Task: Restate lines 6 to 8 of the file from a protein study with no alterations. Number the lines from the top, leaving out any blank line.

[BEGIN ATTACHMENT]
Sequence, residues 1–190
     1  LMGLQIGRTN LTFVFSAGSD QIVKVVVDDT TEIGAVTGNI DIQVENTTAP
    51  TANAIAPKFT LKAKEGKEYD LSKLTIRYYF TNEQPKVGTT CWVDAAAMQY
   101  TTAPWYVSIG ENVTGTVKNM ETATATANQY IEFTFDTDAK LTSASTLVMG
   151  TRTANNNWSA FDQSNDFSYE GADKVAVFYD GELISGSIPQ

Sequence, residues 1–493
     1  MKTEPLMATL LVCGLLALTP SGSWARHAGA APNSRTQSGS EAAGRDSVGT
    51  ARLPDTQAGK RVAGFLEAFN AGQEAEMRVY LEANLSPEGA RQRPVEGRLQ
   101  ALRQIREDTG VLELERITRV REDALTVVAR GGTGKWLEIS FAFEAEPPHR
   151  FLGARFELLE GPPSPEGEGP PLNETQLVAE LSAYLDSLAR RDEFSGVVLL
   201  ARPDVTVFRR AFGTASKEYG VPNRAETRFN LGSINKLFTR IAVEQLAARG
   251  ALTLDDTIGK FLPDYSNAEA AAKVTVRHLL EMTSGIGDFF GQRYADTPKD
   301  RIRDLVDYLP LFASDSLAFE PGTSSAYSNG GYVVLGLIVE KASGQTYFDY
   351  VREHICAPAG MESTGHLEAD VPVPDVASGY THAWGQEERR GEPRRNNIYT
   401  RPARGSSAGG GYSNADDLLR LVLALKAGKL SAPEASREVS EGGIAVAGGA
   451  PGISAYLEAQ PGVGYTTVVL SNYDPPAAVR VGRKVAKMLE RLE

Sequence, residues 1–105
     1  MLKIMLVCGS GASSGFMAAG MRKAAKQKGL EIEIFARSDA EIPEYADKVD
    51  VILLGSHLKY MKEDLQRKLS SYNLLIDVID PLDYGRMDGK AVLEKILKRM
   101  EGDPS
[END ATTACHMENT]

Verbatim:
Sequence, residues 1–493
     1  MKTEPLMATL LVCGLLALTP SGSWARHAGA APNSRTQSGS EAAGRDSVGT
    51  ARLPDTQAGK RVAGFLEAFN AGQEAEMRVY LEANLSPEGA RQRPVEGRLQ